He starts his solo with an Fmaj9 type triadic idea (some might want to analyze this as a Dm7sus idea), going on to play Dm7 type lines.

Wes seemed to love superimposing the relative major on minor, and vice versa. Freely superimposing his arpeggios in this way, which he extended to the 7th and 9th degrees, gave his playing a certain modern-ness. This technique also gave him a wider palette of sounds to work with, especially over harmonically static progressions.

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Friday, August 14, 2009

Les Paul -- An Icon Passes

Innovator, inventor, recording pioneer, brilliant musician and one of the guitar's greatest elder statesmen has left us.

It's a sad day for the guitar universe.

But the world is richer -- much richer -- from him having come our way.

RIP Les.

Ceriatone Overtone Special | Dumble In Disguise?

I was turned on to Ceriatone amps a couple of days ago by a musician friend. He's from the older school 'Fender is king' generation and he was hipping me to this amp builder in Malaysia who made brilliant Fender copies. And at less than two-thirds the price.

A quick Google search revealed this:

Interesting. A Malaysian amp builder going toe-to-toe with Marshall and Fender, not to mention the big boys of boutique American amps -- Fuchs, Trainwreck, Matchless. And yes... even Mr Dumble.
Granted, Ceriatone is still at the 'copy' stage. But remember Peavey's Fender tweed-style design on their Classic series amps (complete with chickenhead knobs) of a few years ago? Peavey resurrected tweed when Fender had put it to bed. It was good marketing and a good way to get noticed.

Check out the Dumble-like font on the Ceriatone Overtone Special at right -- it sort of reads like 'Overdrive Special' from five feet away. Surely to be a nifty conversation piece for the owner.

But fortunately the similarities are not merely cosmetic. Ceriatone has also added new, useful features to the original amp design, giving the user more tonal options and flexibility.

And listening to Jack Zucker's clip above, it sounds great.

Based on Zucker's description, the front panel controls from left to right are:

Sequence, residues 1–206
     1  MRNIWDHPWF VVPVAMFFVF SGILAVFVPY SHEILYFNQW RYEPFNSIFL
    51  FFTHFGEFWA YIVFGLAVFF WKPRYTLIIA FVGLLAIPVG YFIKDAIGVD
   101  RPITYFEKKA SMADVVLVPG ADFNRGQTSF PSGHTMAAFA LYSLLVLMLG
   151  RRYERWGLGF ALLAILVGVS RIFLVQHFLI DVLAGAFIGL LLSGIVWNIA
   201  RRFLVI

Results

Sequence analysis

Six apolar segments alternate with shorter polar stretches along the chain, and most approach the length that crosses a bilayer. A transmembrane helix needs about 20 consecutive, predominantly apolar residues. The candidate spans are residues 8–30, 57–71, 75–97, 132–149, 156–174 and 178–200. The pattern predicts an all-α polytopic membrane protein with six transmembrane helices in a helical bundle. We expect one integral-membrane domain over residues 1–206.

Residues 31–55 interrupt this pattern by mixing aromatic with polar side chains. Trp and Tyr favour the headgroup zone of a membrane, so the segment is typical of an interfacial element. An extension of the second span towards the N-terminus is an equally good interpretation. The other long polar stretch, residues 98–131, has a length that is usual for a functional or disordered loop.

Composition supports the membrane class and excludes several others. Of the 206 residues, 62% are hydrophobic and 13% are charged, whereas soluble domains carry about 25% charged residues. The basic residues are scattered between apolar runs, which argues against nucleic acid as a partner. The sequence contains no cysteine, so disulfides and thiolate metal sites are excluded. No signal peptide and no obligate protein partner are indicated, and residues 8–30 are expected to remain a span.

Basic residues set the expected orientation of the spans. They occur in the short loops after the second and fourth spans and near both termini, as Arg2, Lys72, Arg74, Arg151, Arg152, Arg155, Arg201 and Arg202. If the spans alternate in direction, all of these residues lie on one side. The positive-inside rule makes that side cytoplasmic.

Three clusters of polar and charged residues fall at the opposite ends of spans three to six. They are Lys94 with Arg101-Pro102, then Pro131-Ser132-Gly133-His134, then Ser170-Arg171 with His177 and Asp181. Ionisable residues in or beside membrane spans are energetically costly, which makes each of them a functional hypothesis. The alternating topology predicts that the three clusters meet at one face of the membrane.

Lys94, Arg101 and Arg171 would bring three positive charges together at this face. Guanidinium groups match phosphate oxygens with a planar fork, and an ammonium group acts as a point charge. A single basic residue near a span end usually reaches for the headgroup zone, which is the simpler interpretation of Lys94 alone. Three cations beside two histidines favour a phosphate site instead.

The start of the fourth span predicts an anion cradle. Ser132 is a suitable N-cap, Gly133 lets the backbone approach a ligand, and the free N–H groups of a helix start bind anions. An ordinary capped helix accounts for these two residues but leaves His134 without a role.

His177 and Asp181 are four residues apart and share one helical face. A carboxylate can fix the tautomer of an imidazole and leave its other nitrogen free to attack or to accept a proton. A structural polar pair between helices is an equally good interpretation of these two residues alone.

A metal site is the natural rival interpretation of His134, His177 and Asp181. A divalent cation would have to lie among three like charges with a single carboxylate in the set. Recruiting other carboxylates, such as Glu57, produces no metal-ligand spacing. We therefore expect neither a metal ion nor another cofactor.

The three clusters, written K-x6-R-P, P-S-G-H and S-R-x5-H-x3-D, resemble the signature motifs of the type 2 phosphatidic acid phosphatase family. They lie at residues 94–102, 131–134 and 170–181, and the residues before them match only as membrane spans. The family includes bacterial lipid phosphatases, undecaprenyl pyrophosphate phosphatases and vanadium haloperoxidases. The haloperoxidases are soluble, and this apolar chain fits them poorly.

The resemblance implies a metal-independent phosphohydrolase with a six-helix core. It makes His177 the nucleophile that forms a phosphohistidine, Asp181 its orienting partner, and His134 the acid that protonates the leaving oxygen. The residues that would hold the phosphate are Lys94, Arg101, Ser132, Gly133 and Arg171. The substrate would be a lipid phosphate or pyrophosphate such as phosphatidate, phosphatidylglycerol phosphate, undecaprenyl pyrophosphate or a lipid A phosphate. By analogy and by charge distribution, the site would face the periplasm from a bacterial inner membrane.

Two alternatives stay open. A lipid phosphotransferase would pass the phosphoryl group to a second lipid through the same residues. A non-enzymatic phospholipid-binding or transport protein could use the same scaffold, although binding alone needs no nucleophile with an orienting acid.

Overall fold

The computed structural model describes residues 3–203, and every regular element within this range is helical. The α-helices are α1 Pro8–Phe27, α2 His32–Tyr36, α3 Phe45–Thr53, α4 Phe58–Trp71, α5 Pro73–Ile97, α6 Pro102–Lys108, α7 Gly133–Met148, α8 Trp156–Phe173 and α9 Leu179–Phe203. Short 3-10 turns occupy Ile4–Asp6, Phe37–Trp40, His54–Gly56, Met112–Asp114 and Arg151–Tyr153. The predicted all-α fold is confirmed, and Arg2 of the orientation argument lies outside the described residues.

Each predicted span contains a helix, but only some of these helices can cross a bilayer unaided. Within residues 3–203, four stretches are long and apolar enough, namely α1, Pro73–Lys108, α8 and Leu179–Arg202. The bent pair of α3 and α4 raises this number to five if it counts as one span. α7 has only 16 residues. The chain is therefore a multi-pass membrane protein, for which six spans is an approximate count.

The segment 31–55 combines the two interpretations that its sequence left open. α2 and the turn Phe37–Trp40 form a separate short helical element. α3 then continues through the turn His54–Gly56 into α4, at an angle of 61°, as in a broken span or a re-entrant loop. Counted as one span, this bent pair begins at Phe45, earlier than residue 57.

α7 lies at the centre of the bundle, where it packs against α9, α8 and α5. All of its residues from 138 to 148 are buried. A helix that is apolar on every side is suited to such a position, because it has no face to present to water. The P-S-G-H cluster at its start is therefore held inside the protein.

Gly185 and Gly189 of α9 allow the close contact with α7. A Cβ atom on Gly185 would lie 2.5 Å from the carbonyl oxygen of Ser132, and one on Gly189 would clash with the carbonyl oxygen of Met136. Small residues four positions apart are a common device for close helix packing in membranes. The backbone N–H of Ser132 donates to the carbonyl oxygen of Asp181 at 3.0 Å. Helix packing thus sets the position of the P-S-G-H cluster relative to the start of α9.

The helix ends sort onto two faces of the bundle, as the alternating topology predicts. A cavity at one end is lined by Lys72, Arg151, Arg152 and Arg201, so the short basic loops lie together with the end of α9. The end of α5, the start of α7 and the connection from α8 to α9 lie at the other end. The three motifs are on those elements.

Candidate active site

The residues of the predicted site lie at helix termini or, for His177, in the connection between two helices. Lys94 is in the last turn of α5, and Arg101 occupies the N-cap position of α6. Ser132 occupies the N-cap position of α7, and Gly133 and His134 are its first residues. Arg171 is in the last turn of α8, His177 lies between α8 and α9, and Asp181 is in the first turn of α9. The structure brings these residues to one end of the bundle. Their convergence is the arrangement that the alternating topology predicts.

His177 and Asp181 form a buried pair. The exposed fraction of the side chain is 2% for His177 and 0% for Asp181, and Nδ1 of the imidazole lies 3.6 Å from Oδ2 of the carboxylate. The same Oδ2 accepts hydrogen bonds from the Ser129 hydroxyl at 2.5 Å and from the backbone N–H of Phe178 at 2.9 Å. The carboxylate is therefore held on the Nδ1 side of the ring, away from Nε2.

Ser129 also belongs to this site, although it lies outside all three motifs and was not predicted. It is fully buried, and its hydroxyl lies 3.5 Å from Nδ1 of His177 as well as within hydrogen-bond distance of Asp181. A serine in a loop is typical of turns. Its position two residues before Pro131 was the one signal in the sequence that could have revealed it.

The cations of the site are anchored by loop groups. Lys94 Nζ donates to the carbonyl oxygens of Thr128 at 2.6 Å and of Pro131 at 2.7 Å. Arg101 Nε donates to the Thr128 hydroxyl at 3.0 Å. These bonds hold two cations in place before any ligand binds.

FET input jack
Normal input jack
Input control
Bright switch
Deep switch
Jazz/Rock switch
Level control for overdrive
Ratio control for the overdrive, for controlling relative volumes for lead and rhythm sounds
Master volume control
Presence control

On the back panel:

Mid-Boost switch that defeats the tone controls (for manual switching)
Lead and Rhythm switch (for manual switching)
Footswitch jack for controlling Rhythm/Lead and Mid-Boost controls
Passive effects loop

I'm real curious to try one of these out for myself.

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Thursday, August 13, 2009

Eric Johnson's Guitar Setup Secrets

This article is gleaned from a 1988 interview with Eric Johnson's guitar tech Jerry Holmes. It's pretty insightful -- Holmes details the quirks of Eric's guitar setup and even mentions his infamous Energizer vs Duracell battery preference.

On his guitar tuneup routine before a show:
"I clean (the guitar) up, restring it, play it awhile.. strobe-tune it and then play it a little more to work it in. This way I know the guitar is ready. If a string breaks or something goes wrong during the show, it's just because the musician has played it to death; it's not because I didn't do my job."

"I always stretch new strings at the 12th fret."

On maintaining consistent intonation:
"I find that if you use the same kind of strings and change them on a regular basis, your intonation starts to set in and you don't have to move the bridge pieces that much. If you only change strings every week or two, it seems like you have to move the bridge pieces a lot more."

"He uses GHS Nickel Rockers on his Strats, gauged .010, .013, .017, .026, .036 and .046."

On the number of string wraps around each tuning post:
"The low E and A strings have to have exactly two wraps -- no less, no more. One wrap goes underneath and one goes on top, and that decreases the (string) angle."

"The D and G strings have to have two-and-a-half wraps, one over and one under, so it's kind of the opposite. I have to use a little more of the string to have half a wrap more."

"I don't trim any of the B string off at all. I put one wrap over and wind the rest of the string underneath. This puts just enough winds down to the very bottom of the post so I don't need to use the string tree."

"With the (high) E it doesn't matter, since I use the tree -- just one over, one under."

On Eric's tremelo and nut setup:
"Eric's Strat tremelos have to have four springs and sit level. The nut has to be perfect. It's got to have a clean groove, the high point has to be at the very front of the nut, and it has to have a downward angle on it. We use bone, but really hard plastic seems to stay in tune a little better. To lubricate it I use Tri-Flow gun oil that has Teflon in it."

On brass and stainless-steel plugs:
"(Eric) can hear the difference between a stainless-steel plug, like a Switchcraft, and a brass plug, which he prefers."

Energizers vs Duracells:
"He can tell the difference between what kind of batteries I put in fuzz boxes; it's really bizarre. He likes Eveready Energizers the best, over Duracells or Kodaks. I believe he hears things that no one else hears."

On Eric's never-ending tone quest:
"Just little picky things, like swapping out speaker cables and different kinds of speakers. He seems to never stop trying to find something older and more difficult to find that sounds great."